The costumes for the slaves were atrocious, was the costuming department on strike or something? They were obviously wearing mutilated sweatshirts and modern pants, would it have killed them to find or make some actual rags or something, or at least something that wasn't embarrassing to look at? They're in a modern day Rome, we get it, give them ratty track suits or skimpy slave gear or whatever, anything would've been better than what they did end up wearing. The chain pattern symbolizing that they were slaves was weird, too. They're already obviously wearing crap instead of gladiator gear. Why bother.

The subplot with Kirk apparently sleeping with that slave girl was just there, didn't really add anything, just a nod that the writers had done some research and to fill Kirk's bang quota, and maybe to show the villain's character better ("have some funtime/AIDS with my personal concubine before we kill you"). At least we got one of our sort of rare "so dumb it's funny to the audience and painful to the crew" Kirk jokes out of it. (Too bad his friends weren't aware of his situation and able to respond accordingly.)

Also, KIRK DIDN'T LOSE OR RIP HIS SHIRT ONCE IN THIS EPISODE. I'm not complaining, just shocked. Maybe Shatner had already filled his contractually obligated shirtless scene quota for the season.

The hi-light of this episode was definitely the Spock/McCoy interactions. They're always snipping at and trying to one-up each other, it's nice to see that boil over once in a while. McCoy (both figuratively and physically) backing Spock into a corner and playing psychoanalyst, letting Spock know that he's got him pegged, only to back off just as quickly when Spock's obviously had enough, was nice to see. Too often McCoy ends up with the short stick in their battles of wits, and usually has to team up with Kirk to deliver an effective blow, so it was good to see him not only just hold his own, but thoroughly trounce Spock. It was nice to see the two retained a good dynamic even when (and perhaps because) Kirk's away. (Also, HUZZAH!, an episode that isn't just entirely Kirk-centric and lets other characters develop their personalities and relationships a bit more.) McCoy's character is too often underutilized in favor of Kirk and Spock adventures with McCoy playing the part of naysayer/third wheel.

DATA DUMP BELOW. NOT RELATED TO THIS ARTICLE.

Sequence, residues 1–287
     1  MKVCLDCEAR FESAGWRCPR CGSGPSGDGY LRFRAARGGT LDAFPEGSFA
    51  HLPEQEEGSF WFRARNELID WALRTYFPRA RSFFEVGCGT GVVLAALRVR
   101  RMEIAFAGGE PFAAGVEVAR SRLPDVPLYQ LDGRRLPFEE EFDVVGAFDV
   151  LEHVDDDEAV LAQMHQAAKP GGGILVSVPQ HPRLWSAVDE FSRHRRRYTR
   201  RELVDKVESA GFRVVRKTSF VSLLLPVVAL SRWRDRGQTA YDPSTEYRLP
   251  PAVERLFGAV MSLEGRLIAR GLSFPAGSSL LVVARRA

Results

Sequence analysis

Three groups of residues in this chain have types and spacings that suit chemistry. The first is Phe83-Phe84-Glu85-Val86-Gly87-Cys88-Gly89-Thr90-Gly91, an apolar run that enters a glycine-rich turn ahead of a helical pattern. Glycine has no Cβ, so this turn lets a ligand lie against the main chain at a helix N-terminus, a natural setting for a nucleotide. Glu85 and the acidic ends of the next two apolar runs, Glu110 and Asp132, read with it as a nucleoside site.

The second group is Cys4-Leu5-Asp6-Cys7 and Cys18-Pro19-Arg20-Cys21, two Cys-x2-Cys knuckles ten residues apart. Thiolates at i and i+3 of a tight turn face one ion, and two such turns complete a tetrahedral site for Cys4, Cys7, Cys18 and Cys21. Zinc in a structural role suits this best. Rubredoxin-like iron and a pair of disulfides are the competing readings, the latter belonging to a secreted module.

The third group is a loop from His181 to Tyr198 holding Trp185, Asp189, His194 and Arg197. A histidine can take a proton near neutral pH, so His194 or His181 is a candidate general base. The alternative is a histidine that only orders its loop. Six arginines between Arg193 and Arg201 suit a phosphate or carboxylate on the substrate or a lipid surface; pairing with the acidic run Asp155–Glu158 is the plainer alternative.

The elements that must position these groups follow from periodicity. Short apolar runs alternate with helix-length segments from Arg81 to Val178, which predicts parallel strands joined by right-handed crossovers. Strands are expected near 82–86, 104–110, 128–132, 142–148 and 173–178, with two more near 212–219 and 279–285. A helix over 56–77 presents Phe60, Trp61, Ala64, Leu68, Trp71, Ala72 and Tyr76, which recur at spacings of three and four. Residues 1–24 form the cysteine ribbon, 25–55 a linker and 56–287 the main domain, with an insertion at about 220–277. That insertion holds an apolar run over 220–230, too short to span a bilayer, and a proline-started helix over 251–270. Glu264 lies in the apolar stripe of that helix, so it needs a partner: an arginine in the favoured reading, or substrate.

Scottie was amazing, as he usually is when handed command. They spent just the right amount of time focused on the Enterprise this ep: we know what they're doing to save the away team but no unnecessary lingering or filler scenes with them.

I liked that they showed Spock actually testing the bars/trying to break out. The show makes a point to say he's much stronger than a human but it never seems to matter much. Yeah I know he usually doesn't try stuff like that because he's aware of how strong stuff is vs him and it's wasted effort etc. and this instance is more to indicate his mental state than his strength or to show escape attempts but I always have a lingering "why doesn't Spock just try to break them out, he's supposed to be strong, right?" in the back of my mind and it's nice to see lingering questions answered. (This one also answered my "Why doesn't Spock teach Kirk the neck pinch thing?" (he's tried, Kirk sucks and can't do it) question, so bonus points for that.)

As a parting note, I have to point out that, while Kirk's friends were busy being a lot more agitated than usual about whether he was okay, Kirk himself was busy chilling with this week's half-naked blonde. Pretty hilarious.